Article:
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10 ways how Leeds has changed the world

Leeds is amazing, we know that.

From revolutionising pop music to designing the White House, the world simply wouldn’t be the same without Leeds. Here are nine ways your city changed the world. READ MORE: The 34 never seen before photos of Leeds through the ages | 10 best kept Leeds secrets even some locals won't know about

Pudsey-born Benjamin Henry Latrobe was heavily involved in designing large sections of the White House with James Hoban and Thomas Jefferson, including the east & west colonnades, which give the buildings fascia its iconic look.

1. We designed the White House

Pudsey-born Benjamin Henry Latrobe was heavily involved in designing large sections of the White House with James Hoban and Thomas Jefferson, including the east & west colonnades, which give the buildings fascia its iconic look.
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Without Mel Bs brash Leeds attitude, the Spice Girls may never have made it off the the drawing board.  Scary Spice led the quintet through the doors of several other labels, before signing with Simon Fuller.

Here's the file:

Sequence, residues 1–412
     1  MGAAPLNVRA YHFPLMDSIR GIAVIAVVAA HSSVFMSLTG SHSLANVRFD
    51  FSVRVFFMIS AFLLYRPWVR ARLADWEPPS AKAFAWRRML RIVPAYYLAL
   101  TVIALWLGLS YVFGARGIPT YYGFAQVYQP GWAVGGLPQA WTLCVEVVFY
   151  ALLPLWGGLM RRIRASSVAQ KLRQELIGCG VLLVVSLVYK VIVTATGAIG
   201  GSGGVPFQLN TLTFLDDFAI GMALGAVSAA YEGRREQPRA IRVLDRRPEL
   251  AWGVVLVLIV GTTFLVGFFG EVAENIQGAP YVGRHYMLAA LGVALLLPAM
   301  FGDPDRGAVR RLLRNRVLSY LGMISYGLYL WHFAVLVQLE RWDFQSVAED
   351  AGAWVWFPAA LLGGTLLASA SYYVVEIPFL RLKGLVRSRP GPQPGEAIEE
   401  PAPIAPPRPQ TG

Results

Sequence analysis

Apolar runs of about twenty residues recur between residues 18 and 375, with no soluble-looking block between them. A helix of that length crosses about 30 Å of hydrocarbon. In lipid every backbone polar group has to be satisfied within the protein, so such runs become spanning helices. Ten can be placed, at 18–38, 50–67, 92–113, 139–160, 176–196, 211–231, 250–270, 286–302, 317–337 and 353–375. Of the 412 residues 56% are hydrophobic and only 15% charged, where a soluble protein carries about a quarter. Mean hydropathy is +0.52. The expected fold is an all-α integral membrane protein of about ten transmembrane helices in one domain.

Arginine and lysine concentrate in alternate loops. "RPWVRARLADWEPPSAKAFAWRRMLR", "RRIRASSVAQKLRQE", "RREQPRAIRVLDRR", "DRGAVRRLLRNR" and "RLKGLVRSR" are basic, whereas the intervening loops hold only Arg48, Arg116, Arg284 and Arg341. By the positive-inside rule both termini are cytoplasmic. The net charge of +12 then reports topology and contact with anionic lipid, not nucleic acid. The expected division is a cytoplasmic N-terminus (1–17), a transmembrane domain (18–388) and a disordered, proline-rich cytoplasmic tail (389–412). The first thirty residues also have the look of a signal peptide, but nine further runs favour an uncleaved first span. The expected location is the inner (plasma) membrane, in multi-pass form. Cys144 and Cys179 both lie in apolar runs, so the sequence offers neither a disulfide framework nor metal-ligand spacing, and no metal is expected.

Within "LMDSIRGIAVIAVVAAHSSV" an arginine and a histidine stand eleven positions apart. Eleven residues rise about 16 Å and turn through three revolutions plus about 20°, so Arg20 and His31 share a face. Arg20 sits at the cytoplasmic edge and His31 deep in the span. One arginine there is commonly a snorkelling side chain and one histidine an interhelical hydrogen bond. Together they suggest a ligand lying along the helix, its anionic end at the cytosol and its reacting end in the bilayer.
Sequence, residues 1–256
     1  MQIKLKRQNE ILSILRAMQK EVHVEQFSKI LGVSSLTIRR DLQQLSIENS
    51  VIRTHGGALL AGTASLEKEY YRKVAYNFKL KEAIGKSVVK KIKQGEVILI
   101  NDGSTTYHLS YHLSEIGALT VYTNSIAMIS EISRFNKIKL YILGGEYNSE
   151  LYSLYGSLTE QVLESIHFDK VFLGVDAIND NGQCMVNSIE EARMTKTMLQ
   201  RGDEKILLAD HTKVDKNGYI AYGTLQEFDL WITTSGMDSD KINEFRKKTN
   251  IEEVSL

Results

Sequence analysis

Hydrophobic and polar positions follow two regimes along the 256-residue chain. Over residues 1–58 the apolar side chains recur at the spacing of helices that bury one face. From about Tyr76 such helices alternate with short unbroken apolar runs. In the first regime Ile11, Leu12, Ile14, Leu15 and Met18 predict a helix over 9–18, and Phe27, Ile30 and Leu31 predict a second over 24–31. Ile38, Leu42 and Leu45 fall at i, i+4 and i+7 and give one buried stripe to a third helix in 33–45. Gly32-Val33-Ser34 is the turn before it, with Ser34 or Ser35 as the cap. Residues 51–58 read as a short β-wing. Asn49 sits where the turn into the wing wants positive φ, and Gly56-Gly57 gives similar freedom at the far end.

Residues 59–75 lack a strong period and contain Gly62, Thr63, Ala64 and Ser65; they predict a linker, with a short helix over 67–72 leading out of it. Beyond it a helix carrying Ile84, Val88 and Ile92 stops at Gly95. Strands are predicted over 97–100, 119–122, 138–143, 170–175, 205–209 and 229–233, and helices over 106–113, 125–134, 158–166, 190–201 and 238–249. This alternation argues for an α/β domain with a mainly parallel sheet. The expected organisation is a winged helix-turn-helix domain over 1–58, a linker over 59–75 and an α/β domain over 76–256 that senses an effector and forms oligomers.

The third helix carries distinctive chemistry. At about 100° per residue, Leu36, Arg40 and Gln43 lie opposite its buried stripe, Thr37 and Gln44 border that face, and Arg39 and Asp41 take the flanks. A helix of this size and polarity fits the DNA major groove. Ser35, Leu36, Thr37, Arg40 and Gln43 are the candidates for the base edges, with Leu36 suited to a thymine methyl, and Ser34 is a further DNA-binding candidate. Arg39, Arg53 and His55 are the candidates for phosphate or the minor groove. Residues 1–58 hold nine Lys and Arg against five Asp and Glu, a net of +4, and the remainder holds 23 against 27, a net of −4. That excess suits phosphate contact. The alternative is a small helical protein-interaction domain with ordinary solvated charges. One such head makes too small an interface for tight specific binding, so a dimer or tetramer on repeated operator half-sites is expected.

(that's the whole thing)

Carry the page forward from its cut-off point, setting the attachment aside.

2. Leeds helped give the world Girl Power

Without Mel Bs brash Leeds attitude, the Spice Girls may never have made it off the the drawing board. Scary Spice led the quintet through the doors of several other labels, before signing with Simon Fuller.
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Marks & Spencer was established as a humble market stall on Kirkgate Market in 1884 and has grown into one of the countrys biggest and most trusted retailers.

3. Leeds gave the world Marks & Spencer

Marks & Spencer was established as a humble market stall on Kirkgate Market in 1884 and has grown into one of the countrys biggest and most trusted retailers.
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The television studios on Kirkstall Road were the first in Europe to design and build purpose-built colour studios, the first to try breakfast television as we now know it, and were the first station to go 24-hour in 1986.

4. Leeds changed TV forever

The television studios on Kirkstall Road were the first in Europe to design and build purpose-built colour studios, the first to try breakfast television as we now know it, and were the first station to go 24-hour in 1986.
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